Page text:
Have you tried using Marmite in your experimentation? Don’t know if you like it, but I love to use it in gravies and sauces for that umami flavor (especially the gravy for Swedish meatballs). It’s one reason I miss bread (the few times I do) — Marmite on buttered toast. Sigh.

  • Lori says:

    Just wanted to say (although it still is pricey)- I found a gallon of coconut aminos on for $63 and $10 to ship..but there is a coupon on there, so the total was $70. It might be cheaper in the long run…?

  • I just wanted to say, this is now a staple in my kitchen – I label it “coco-not aminos”. I can’t thank you enough!

  • Essdeen says:

    Just tried making it, and not sure if it tastes right. Melissa, have you ever thought about producing it in larger quantities and selling it? I for one would buy it from you, and I live in Australia 🙂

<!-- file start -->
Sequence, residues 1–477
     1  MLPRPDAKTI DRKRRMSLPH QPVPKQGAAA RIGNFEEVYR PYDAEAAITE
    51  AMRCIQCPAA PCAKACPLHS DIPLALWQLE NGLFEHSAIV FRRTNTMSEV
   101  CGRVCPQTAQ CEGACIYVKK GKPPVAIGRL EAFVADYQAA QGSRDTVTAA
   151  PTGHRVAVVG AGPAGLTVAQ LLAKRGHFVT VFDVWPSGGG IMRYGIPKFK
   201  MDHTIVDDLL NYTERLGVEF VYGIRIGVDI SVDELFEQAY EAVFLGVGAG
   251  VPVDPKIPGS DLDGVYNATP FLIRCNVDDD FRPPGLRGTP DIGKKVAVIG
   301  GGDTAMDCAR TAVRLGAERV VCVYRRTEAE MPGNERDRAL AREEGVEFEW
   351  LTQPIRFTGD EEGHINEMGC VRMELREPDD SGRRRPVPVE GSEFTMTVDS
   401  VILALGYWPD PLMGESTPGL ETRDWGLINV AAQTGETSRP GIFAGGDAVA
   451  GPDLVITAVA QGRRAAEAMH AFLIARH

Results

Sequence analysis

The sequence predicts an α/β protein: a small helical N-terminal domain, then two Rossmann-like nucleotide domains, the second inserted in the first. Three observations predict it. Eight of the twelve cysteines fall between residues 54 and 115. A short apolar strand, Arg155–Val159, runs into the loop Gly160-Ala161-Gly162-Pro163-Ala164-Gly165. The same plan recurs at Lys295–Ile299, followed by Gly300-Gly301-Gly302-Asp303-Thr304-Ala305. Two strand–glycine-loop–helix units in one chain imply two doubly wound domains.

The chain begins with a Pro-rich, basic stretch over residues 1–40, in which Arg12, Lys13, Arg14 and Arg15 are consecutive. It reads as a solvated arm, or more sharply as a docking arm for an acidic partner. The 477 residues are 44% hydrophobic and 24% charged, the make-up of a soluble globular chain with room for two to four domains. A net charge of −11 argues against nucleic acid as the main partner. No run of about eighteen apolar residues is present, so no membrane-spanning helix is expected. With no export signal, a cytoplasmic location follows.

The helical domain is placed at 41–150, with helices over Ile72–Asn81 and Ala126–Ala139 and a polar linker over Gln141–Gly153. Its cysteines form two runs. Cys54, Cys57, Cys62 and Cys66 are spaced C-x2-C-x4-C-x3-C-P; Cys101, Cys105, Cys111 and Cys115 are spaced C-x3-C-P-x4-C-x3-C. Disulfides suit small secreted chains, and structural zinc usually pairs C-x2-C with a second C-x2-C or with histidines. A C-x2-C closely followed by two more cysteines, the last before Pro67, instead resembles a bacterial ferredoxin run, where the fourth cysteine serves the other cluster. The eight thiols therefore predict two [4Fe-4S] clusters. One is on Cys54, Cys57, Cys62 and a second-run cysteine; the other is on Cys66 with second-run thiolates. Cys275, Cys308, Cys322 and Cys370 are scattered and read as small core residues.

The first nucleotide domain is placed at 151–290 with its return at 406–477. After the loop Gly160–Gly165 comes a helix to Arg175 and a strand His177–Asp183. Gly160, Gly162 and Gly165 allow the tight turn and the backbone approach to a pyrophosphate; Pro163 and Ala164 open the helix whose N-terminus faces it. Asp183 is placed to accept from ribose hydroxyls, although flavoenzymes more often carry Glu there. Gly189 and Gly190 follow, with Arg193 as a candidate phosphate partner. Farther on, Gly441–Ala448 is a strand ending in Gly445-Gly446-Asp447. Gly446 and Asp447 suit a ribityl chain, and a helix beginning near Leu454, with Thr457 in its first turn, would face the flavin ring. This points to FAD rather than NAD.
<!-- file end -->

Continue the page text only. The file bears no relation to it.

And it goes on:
• Mel says:

      It doesn’t taste good on its own — it has to be used as an ingredients in recipes that call for soy sauce. And no, no plans to get into the food production biz 🙂

  • Julie M. says:

    THANK YOU! I’ve been soy free for a long time, but I just realized I’m completely sensitive to coconut, which makes AIP Paleo eating not much fun at all. This might help!

  • Demelza says:

    Made this today to use as a substitute ingredient for a friend who can’t tolerate soy. It is excellent. Thank you!

  • Jeannette says:

    I am also allergic to vinegar. Is there any way to make a substitute without it? Thanks.

    • Mel says:

      Hmmm… the vinegar adds some needed acidity… I haven’t tried this myself, but if you want to experiment, you could try lemon juice. Just replace the two vinegars with 3 tablespoons lemon juice. Good luck!

    • Izabela says:

      Are you allergic to all types of vinegar?

  • Jessica H. says:

    Hi Mel,